Nebraska Revised Statute 43-1411
Paternity; action to establish; venue; limitation; summons.
A civil proceeding to establish the paternity of a child may be instituted, in the court of the district where the child is domiciled or found or, for cases under the Uniform Interstate Family Support Act, where the alleged father is domiciled, by (1) the mother or the alleged father of such child, either during pregnancy or within four years after the child's birth, unless (a) a valid consent or relinquishment has been made pursuant to sections 43-104.08 to 43-104.25 or section 43-105 for purposes of adoption or (b) a county court or separate juvenile court has jurisdiction over the custody of the child or jurisdiction over an adoption matter with respect to such child pursuant to sections 43-101 to 43-116 or (2) the guardian or next friend of such child or the state, either during pregnancy or within eighteen years after the child's birth. Summons shall issue and be served as in other civil proceedings, except that such summons may be directed to the sheriff of any county in the state and may be served in any county.
- Laws 1941, c. 81, § 11, p. 325;
- C.S.Supp.,1941, § 43-711;
- R.S.1943, § 13-111;
- R.S.1943, (1983), § 13-111;
- Laws 1985, Second Spec. Sess., LB 7, § 75;
- Laws 1986, LB 813, § 1;
- Laws 1991, LB 457, § 16;
- Laws 1993, LB 500, § 54;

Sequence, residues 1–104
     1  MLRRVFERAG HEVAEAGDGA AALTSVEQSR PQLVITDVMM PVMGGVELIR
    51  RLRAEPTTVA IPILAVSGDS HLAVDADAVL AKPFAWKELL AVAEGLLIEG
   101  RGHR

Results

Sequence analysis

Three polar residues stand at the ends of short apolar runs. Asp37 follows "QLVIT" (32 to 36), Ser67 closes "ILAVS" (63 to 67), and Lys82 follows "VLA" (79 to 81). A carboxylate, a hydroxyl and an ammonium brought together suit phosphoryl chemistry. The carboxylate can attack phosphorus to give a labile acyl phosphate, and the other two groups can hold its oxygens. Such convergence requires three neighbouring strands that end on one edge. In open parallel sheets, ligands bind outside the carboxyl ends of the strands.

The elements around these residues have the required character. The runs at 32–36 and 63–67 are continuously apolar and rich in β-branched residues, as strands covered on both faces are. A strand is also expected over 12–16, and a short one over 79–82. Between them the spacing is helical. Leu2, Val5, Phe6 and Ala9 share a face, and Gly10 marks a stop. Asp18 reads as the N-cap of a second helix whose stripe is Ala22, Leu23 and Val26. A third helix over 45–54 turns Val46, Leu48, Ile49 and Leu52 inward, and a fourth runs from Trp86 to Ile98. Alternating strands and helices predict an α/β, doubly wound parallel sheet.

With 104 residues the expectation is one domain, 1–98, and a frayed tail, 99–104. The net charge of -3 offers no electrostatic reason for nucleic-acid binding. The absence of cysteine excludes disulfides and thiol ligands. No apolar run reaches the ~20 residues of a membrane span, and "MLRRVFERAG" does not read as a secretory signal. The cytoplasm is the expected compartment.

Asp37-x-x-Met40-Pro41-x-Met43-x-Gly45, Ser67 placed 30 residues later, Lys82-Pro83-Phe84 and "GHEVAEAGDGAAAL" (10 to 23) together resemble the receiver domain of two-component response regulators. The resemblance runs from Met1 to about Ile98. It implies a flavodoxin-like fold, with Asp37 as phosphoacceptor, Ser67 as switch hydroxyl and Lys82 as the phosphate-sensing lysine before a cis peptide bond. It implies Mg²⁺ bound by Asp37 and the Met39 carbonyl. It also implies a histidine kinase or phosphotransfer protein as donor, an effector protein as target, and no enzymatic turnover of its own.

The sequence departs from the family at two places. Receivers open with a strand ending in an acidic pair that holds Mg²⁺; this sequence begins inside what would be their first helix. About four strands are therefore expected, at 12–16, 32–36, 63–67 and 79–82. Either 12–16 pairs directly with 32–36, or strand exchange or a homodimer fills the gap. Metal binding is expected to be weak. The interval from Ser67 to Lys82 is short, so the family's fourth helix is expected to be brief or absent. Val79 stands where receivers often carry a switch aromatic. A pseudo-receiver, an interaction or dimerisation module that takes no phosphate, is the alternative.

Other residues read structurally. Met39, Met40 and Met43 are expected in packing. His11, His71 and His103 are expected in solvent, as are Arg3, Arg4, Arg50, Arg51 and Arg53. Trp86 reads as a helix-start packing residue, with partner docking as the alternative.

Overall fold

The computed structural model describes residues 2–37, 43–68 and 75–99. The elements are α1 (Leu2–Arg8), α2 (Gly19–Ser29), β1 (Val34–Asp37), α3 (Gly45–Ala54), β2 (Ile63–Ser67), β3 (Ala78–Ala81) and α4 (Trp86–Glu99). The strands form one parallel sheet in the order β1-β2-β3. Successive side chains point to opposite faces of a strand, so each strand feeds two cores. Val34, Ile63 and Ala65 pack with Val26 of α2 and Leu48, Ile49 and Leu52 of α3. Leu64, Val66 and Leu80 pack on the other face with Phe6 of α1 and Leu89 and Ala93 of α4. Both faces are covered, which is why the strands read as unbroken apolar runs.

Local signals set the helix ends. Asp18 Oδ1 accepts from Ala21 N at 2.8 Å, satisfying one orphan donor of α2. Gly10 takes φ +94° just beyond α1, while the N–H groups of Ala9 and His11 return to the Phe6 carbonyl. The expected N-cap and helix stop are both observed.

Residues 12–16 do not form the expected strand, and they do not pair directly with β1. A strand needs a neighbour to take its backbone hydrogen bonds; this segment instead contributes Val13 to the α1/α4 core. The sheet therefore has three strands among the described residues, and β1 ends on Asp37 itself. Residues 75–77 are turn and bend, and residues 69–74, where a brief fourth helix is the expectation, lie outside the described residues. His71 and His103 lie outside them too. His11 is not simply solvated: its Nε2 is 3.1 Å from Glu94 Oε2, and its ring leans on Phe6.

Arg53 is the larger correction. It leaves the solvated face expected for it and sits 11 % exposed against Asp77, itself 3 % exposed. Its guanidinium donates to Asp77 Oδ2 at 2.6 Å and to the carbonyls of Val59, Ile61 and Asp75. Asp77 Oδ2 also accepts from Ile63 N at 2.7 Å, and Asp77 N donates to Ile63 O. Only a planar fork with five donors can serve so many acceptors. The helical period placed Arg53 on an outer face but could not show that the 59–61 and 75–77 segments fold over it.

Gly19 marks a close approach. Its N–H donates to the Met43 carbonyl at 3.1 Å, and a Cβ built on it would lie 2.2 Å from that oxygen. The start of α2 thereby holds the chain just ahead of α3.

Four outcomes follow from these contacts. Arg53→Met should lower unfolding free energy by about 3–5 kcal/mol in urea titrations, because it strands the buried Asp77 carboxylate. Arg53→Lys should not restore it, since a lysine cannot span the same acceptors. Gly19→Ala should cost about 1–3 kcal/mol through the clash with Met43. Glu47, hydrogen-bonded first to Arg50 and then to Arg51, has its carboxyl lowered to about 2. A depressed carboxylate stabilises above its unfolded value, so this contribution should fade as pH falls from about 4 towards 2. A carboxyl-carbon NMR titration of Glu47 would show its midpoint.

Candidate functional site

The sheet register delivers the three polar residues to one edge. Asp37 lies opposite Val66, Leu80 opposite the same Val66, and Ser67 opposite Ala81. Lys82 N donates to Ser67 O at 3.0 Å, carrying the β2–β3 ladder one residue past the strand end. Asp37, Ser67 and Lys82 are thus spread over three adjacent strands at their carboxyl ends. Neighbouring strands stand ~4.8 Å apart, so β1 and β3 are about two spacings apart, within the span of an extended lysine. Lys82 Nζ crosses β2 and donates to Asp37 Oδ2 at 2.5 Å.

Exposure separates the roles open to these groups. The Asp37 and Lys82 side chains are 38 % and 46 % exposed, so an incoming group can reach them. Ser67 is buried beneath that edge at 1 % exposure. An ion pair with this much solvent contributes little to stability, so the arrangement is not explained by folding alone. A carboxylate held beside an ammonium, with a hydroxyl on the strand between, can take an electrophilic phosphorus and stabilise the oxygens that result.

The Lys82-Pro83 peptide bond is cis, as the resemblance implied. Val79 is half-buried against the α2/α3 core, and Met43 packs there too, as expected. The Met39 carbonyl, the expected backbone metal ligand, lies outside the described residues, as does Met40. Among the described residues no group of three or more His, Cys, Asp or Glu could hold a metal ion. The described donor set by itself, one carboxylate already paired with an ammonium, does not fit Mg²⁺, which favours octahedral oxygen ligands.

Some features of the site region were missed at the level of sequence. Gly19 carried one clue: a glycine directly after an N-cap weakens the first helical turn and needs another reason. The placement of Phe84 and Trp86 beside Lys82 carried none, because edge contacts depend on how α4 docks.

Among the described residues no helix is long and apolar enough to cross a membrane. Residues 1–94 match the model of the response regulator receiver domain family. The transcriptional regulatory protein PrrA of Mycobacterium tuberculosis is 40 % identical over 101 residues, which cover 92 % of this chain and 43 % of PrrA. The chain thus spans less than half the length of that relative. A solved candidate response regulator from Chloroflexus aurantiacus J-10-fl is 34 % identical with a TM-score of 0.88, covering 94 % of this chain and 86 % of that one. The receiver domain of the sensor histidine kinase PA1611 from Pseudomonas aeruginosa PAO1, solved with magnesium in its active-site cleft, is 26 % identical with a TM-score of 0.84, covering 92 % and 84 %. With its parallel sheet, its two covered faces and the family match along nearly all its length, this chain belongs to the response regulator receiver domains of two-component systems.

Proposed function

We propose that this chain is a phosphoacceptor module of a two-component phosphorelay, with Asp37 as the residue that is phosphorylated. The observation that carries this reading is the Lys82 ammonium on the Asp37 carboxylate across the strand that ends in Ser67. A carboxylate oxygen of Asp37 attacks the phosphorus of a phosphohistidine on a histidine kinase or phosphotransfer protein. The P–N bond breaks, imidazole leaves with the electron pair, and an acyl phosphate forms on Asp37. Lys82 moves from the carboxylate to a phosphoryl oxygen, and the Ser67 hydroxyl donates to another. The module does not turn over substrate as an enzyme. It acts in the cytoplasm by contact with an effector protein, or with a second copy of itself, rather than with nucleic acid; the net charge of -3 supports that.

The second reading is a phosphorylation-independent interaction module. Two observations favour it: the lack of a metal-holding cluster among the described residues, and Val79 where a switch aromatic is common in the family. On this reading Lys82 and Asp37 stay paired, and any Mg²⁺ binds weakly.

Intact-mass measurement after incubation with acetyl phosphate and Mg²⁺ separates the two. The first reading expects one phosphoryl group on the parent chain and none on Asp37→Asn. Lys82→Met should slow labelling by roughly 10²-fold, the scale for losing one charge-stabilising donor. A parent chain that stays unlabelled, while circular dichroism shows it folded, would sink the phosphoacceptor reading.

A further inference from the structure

- Laws 1994, LB 1224, § 59;
- Laws 1995, LB 712, § 29;
- Laws 1998, LB 1041, § 45;
- Laws 2007, LB247, § 22.
- Uniform Interstate Family Support Act, see section 42-701.
An emotional bond with one's biological father is not the type of relationship contemplated by this section, nor is it the type of support with which the State has a reasonable interest. Bryan M. v. Anne B., 292 Neb. 725, 874 N.W.2d 824 (2016).
This section does not violate the Equal Protection Clause because a mother can bring paternity actions on behalf of the child for up to 18 years, while fathers have only 4 years to bring paternity actions; this section treats mothers and putative fathers identically by imposing a 4-year limitations period on paternity actions brought by parents asserting their own rights. Bryan M. v. Anne B., 292 Neb. 725, 874 N.W.2d 824 (2016).
In the context of a paternity action, "next friend" is defined as "one who, in the absence of a guardian, acts for the benefit of an infant". Where a minor child lived with his mother and natural guardian, the court determined there was no legal basis, reason, or cause for a "next friend" to institute a paternity action on the minor child's behalf. Zoucha v. Henn, 258 Neb. 611, 604 N.W.2d 828 (2000).
A next friend is one who, in the absence of a guardian, acts for the benefit of an infant. State on behalf of B.A.T. v. S.K.D., 246 Neb. 616, 522 N.W.2d 393 (1994).
Actions brought by a guardian or next friend on behalf of children born out of wedlock may be brought within 18 years after the child's birth. Moreover, this preservation of a minor child's right to establish paternity does not violate either the U.S. or Nebraska constitutions. State on behalf of S.M. v. Oglesby, 244 Neb. 880, 510 N.W.2d 53 (1994).
Father of child born out of wedlock may bring suit to determine paternity. White v. Mertens, 225 Neb. 241, 404 N.W.2d 410 (1987).
This section contains no limitation on a cause of action brought on behalf of a child to establish paternity and secure its rights. Doak v. Milbauer, 216 Neb. 331, 343 N.W.2d 751 (1984).
Determination of paternity not barred by statute of limitations in action to modify divorce decree. Farmer v. Farmer, 200 Neb. 308, 263 N.W.2d 664 (1978).
Filiation proceeding is considered as civil in character. Lockman v. Fulton, 162 Neb. 439, 76 N.W.2d 452 (1956).